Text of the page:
I’m sick and tired at the increasing frequency that big issues are politicised, and the regular straw-man arguments that often serve to reinterpret opinions as extreme and thus polarise us further. Most of us sit in the 80% of grey space in the middle, rather than the 10% at the extremes. Yet many of us are too easily caught up in those extremes, and have lost the ability to conduct nuanced debate in that grey space. The current iteration of the Australia Day debate is a case in point.
This now annual debate started months ago with my favourite radio station Triple J, and their Hottest 100 broadcast, which for many years took place on Australia Day. Following regular agitation by people offended by Australia Day, Triple J decided to run a survey on the issue. It is this decision – rather than the results of the survey and the subsequent change to the schedule – which irks me. There were many ways they could have responded to the demands to change the date, and a national survey isn’t always the answer. Simply asking people is what setup the change. Now it will take place on the fourth Saturday of January (which will now be known as Hottest 100 Day, as if our calendar needed another Day), and Orthodox Jews have been marginalised because we can no longer listen to the broadcast. Bottom line: whatever date is chosen, there will always be someone unhappy.
The Australia Day debate has now hotted up, and unfortunately the loudest voices are the most extreme. The notion that the first fleet was ‘good’ for Indigenous Australians is offensive, as is playing up the stories of colonists who reached out and helped the local population. Equally, the call to transform Australia Day into an annual Day of Atonement goes way too far. Yom Kippur is a personal day where we each have the opportunity to reflect on our actions in the past year. To suggest that we must annually atone for the colonial sins of others that took place hundreds of years ago is absurd. Where the **** are the ‘80%ers’ in this debate?
The remnants of colonisation still exist, and some of them have been identified in the close the gap initiative. To our great national disgrace, progress on closing the gap has been abysmal, and health measures like life expectancy, infant mortality, and heart/kidney disease are appalling in Indigenous communities. I feel personally ashamed that our First World country has significant numbers living in Third World conditions. But the solution to this is not an annual mea culpa – rather better action from government!
Personally, I love Australia Day even more than I love a good Aussie lamb chop on the BBQ on a hot day, paired with a good Aussie beer. As a child of immigrants, it’s a day I express gratitude to a wonderful country that welcomed people in their time of need, and celebrate the contribution of immigrants to our country. So for me, ‘Australian values’ include welcoming strangers and fostering a strong, multicultural melting-pot where everyone should have a ‘fair go’.
A corollary of all this is that we are an immigrant nation, which means we must deal with our colonial history. We need some respectful debate on this aspect of our history. While colonialists all over the world often mistreated the indigenous population, they also made positive contributions to their new countries. But whether countries were ‘on balance, better off‘ as a result of colonisation is a moot point, and actually an unhelpful question to debate. In its day, it happened. It happened here. It happened all over the world.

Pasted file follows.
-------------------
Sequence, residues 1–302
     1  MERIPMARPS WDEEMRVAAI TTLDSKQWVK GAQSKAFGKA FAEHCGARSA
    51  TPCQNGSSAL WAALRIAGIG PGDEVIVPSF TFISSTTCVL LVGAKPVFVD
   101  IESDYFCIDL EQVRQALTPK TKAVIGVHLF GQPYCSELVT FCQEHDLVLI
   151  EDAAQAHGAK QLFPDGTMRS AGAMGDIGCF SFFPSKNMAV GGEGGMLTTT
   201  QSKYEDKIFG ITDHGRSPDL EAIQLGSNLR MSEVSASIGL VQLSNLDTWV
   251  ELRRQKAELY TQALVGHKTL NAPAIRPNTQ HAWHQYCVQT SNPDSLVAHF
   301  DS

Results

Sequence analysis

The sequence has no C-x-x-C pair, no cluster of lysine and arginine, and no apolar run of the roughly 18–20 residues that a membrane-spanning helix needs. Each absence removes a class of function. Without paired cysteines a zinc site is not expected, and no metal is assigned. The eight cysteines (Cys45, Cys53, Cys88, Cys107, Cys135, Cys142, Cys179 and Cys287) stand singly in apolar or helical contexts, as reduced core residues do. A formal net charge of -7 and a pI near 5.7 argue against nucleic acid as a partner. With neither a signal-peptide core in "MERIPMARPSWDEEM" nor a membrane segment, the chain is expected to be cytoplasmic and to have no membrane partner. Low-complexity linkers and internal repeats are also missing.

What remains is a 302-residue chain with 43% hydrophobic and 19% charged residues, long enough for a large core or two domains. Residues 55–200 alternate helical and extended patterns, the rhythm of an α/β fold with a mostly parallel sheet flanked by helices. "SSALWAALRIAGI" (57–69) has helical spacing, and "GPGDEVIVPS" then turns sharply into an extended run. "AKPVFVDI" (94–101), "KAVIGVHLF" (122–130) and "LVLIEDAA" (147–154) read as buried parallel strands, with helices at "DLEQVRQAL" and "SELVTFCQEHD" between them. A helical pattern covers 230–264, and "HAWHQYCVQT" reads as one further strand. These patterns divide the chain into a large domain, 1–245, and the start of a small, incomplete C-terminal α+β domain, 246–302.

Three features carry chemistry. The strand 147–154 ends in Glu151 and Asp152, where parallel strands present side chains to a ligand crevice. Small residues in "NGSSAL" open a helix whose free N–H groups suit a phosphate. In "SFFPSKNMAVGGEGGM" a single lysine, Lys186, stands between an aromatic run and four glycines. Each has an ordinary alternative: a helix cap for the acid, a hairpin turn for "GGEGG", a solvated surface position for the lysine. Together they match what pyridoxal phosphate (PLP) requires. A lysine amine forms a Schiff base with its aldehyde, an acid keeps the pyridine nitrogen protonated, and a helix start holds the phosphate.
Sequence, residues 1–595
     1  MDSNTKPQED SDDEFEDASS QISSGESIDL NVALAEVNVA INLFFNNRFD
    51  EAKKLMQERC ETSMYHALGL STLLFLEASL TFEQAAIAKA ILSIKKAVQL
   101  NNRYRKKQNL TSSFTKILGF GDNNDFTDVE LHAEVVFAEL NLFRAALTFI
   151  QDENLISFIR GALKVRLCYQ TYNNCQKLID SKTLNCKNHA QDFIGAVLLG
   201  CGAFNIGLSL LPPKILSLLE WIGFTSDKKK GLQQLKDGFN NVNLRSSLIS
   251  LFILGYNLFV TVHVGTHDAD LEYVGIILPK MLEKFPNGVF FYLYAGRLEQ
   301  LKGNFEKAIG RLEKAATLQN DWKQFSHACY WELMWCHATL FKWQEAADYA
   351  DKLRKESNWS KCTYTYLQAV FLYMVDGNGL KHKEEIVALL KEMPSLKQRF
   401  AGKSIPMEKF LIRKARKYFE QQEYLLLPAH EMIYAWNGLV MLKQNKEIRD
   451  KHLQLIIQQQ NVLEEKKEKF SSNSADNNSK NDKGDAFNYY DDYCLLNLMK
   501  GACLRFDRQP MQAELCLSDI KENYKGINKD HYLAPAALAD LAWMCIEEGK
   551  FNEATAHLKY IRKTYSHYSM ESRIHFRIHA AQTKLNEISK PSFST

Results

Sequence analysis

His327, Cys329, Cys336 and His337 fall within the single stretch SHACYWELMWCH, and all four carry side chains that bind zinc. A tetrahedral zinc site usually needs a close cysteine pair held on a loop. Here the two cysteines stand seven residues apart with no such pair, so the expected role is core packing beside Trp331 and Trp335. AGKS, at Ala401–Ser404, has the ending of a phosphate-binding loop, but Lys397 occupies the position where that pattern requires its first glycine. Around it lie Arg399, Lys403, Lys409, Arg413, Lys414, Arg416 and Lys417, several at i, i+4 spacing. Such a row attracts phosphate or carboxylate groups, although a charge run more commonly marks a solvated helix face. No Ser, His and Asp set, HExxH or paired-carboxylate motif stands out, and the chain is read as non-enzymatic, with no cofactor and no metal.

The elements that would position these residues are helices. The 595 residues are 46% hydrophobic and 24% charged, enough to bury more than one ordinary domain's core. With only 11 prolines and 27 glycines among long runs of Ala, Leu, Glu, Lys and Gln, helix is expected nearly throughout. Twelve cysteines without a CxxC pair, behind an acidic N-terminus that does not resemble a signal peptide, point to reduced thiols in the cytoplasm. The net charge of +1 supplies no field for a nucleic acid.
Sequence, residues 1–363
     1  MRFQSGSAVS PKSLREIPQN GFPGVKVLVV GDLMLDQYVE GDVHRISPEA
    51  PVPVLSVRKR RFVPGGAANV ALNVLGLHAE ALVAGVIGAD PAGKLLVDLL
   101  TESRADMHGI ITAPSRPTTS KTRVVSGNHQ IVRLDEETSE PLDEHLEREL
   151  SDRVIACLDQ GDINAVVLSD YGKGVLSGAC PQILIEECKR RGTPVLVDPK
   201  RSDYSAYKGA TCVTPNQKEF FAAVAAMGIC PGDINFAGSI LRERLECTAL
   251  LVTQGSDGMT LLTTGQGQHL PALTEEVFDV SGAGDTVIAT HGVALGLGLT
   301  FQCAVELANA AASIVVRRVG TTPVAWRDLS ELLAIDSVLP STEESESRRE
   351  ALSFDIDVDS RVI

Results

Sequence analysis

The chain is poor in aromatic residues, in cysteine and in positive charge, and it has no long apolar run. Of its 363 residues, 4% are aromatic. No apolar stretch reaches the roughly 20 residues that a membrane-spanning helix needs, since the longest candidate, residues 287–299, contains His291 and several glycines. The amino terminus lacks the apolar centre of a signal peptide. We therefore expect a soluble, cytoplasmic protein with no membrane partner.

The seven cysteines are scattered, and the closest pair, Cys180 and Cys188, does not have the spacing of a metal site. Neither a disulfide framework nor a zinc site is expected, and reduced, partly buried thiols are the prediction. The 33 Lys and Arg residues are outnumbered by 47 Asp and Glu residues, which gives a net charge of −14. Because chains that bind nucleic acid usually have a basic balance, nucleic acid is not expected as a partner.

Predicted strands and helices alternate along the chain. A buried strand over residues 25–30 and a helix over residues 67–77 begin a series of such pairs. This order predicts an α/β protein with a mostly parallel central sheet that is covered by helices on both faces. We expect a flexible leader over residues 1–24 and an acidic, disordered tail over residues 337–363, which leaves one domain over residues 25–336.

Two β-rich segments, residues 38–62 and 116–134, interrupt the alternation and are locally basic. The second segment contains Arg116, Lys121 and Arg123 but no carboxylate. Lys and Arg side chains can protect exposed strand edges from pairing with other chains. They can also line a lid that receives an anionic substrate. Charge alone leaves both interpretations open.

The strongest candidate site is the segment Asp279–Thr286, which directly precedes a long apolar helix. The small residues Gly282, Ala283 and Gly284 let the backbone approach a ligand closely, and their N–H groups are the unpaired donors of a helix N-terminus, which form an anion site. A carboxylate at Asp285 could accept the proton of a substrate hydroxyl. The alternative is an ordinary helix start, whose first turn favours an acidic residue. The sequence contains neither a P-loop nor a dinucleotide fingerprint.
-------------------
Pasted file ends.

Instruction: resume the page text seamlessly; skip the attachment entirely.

Debates about a specific day quickly extend to other highly divisive issues like whether or not we should be a republic, and what Australian values actually are. You might groan every time these issues raise their heads, but they are actually so important that if we don’t address them properly, they will continue to raise their heads and be used as political footballs.
What I think we need at this juncture is a national and bipartisan commission of representative Australians (preferably ‘80%ers’) that will lead such a debate. Rather than focusing on the micro issues in isolation, the process would take a top-down approach at these big issues, and facilitate some respectful dialogue. We can think of such a process as Australia finally ‘growing up’ (from its colonial roots) and clearly articulating its national identity.
As part of such a ‘big conversation’, the topic of how and when to celebrate Australia Day needs a broader look at what we celebrate and how, because what we celebrate is a reflection of what is important to us as a nation. Here is an example of some of our public holidays (I’ve excluded the Christian holidays):
|What it celebrates
|When we celebrate it
|26 Jan – arrival of white people
|Those who fought for our country
|different in each state
|different in each state
|Cup Day / Grand Final Eve
|November & September
How important is it that we celebrate monarchy (whether or not we are a republic)? Add why – so long after Federation – must the same themes be celebrated differently in different states?
So before anyone suggests more gimmicky alternatives for Australia Day (in the present climate, I nominate 30 February), let’s take a good hard look at ourselves, our country, where we have come from, and most importantly where we are going. On a beautiful summer’s day with the BBQ on, and tennis and cricket on the telly, I can’t think of anything more appropriate to do.